They wanted to wait to get married when it would be valid throughout the U.S., but they feared how long that still might be. So, this past February, Dr. Eugene M. Thomas and his longtime partner, Rev. Gordon R. McCoy, had a civil union.
Ironically, though, the whole idea was rather casual and kind of spontaneous.
"We had been talking about marriage generally and Gordon said, 'Well, would you like to get married, then?" said Thomas, who replied, "Yes."
"Gordon then said, 'I think I just proposed.'
"Gordon is a rather formal person and seemed to feel that his proposal wasn't very romantic. I was more impressed that he really meant what he had said. We were sitting at our dining room table and were just talking. We continued to talk and discussed [the subject.]"
Their civil union was held at aChurch4me Metropolitan Community Church (MCC) in Rogers Park.
Naturally, they want to be married in Illinois.
"I only ever envisioned same-sex marriage in Illinois after President Obama came out for same-sex marriage in the state where he has been senator," Thomas said.
Thomas is on the MCC church board of servants and a retired professor at Loyola University Chicago. He enjoys watching professional tennis, reading mystery fiction, and traveling, often by train.
McCoy was a pastor and network lead in MCC, though now retired. He enjoys reading gay fiction and history; and years ago in college, he learned how to play the bagpipes and was in a bagpipe band for three years.
The two were introduced by a mutual friend while waiting for a Metra Electric train, then called the I.C., McCoy said, en route to a civil rights rally downtown.
They have since been together for 42 years.
"I would say we are just very comfortable and compatible with each other," McCoy said.
McCoy has been officiating Holy Unions through MCC since 1981.
"Though we celebrated many anniversaries with friends, we never actually had our own official Holy Union, let alone a civil union or fully legal marriage. We know who we are, and we know our relationship is valid in the eyes of God, so what else matters?" McCoy said. "But then this year we did have our civil union, and now we appreciate the importance of legal validation too."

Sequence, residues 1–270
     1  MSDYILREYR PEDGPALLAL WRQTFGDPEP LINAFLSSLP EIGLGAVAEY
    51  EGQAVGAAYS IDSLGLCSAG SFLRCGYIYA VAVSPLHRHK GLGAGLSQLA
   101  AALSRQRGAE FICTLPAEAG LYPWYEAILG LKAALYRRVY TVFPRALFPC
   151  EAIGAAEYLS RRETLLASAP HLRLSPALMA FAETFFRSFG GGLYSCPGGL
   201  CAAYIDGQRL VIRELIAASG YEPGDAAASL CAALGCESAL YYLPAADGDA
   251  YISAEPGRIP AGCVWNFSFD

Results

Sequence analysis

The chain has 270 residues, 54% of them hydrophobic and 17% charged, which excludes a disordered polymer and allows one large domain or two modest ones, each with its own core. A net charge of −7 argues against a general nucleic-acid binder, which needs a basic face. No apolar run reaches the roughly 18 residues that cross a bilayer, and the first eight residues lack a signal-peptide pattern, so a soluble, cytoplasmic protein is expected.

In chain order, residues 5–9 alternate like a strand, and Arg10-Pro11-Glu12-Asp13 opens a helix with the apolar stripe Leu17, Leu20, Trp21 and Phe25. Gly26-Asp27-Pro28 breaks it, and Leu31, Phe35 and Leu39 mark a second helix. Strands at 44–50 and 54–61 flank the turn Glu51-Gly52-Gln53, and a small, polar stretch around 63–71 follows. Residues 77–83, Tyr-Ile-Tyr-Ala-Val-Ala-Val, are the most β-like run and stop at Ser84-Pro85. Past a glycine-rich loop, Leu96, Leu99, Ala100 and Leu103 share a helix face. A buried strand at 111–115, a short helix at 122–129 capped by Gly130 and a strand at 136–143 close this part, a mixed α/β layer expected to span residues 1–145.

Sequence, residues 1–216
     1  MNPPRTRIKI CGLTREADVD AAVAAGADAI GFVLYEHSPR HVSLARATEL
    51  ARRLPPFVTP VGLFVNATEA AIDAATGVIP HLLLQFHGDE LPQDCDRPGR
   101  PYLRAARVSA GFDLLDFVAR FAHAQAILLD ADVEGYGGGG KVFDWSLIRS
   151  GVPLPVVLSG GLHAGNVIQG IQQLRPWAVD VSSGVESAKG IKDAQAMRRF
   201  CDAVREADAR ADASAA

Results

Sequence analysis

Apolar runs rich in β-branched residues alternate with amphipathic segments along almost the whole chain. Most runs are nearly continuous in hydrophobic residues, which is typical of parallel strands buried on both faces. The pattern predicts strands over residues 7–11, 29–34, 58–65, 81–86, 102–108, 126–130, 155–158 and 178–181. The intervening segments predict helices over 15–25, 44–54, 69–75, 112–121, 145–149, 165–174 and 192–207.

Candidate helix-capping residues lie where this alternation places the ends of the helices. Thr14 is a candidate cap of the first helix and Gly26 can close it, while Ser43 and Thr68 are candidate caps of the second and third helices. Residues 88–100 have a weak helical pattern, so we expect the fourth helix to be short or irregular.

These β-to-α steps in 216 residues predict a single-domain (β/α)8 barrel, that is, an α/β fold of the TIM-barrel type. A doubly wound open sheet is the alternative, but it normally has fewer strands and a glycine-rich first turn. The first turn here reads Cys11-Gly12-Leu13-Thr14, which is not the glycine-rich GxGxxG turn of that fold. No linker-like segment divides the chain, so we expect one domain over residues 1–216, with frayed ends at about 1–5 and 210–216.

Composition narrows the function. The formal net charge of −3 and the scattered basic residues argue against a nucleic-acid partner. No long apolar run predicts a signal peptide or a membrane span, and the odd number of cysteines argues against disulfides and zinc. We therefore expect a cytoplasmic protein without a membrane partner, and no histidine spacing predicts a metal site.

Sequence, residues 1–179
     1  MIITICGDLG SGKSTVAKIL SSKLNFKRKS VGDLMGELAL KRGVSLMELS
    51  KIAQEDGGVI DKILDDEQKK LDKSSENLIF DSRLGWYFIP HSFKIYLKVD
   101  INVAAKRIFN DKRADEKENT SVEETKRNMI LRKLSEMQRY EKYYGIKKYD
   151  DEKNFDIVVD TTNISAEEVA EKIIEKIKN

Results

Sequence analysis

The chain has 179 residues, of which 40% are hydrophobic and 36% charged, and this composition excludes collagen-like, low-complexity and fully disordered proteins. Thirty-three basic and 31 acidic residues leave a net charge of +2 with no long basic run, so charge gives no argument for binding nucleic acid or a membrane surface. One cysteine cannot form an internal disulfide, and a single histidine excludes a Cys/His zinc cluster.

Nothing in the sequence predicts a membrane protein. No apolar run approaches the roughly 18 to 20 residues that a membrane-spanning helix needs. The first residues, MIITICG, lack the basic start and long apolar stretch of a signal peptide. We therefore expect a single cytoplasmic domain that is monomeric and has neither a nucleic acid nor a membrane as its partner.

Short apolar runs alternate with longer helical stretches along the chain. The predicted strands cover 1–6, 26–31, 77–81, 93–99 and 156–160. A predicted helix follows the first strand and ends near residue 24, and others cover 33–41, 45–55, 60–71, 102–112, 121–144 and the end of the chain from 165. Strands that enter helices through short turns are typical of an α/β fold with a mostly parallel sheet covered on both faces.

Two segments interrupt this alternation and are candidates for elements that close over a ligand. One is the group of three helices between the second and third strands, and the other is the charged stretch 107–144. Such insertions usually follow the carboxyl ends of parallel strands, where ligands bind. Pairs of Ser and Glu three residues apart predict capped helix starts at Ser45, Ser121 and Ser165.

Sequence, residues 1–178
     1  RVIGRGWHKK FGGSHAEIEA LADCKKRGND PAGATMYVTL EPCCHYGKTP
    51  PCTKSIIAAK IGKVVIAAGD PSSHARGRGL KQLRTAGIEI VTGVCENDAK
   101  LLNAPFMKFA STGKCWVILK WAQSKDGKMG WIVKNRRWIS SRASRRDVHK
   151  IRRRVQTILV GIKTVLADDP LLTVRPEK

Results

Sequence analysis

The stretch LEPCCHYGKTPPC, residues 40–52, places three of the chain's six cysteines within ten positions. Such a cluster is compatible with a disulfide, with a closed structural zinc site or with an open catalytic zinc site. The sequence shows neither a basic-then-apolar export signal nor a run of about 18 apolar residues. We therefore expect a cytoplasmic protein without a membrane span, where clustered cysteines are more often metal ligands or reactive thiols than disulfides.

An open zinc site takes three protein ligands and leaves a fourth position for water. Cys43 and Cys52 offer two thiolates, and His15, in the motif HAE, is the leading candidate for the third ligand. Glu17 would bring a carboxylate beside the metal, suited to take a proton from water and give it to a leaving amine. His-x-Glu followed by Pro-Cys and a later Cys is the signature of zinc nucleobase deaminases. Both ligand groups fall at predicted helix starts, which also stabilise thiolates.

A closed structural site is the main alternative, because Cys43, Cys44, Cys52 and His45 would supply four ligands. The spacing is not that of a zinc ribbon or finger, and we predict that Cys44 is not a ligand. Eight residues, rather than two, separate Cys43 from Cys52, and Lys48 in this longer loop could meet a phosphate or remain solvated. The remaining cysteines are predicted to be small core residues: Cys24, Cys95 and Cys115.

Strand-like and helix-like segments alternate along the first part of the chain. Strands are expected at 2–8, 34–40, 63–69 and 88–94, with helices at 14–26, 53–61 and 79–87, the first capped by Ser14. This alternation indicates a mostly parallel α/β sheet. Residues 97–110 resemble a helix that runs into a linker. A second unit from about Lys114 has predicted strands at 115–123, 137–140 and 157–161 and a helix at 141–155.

McCoy was originally trained for the professional ministry in the Presbyterian Church back in the 1960s, and served three churches in that communion, but then left. "I stayed away from all churches for 10 years, then, in the 1970s walked into a Metropolitan Community Church," he said. "I converted to MCC and began serving as a pastor in 1985. More recently I have mainly served as the network leader for MCC's North Central US Network which covers 12 churches in six states. I just retired, effective this [spring]."
Thomas has been involved with MCC since the 1970s; he was involved with the Church of God In Christ during his youth and early adult life. He said MCC "seemed to be a natural choice since both Gordon and I were looking for a 'church home,'" he said.
"I have served on several church boards and currently serve on the board of aChurch4me, my current church home. Serving for several years on the Board of Ordained Ministers, which constituted the final committee for persons seeking ordination in MCC was a great experience. Currently I serve on the Board of Servants, The Stewardship Team and the Community Care Team at my church."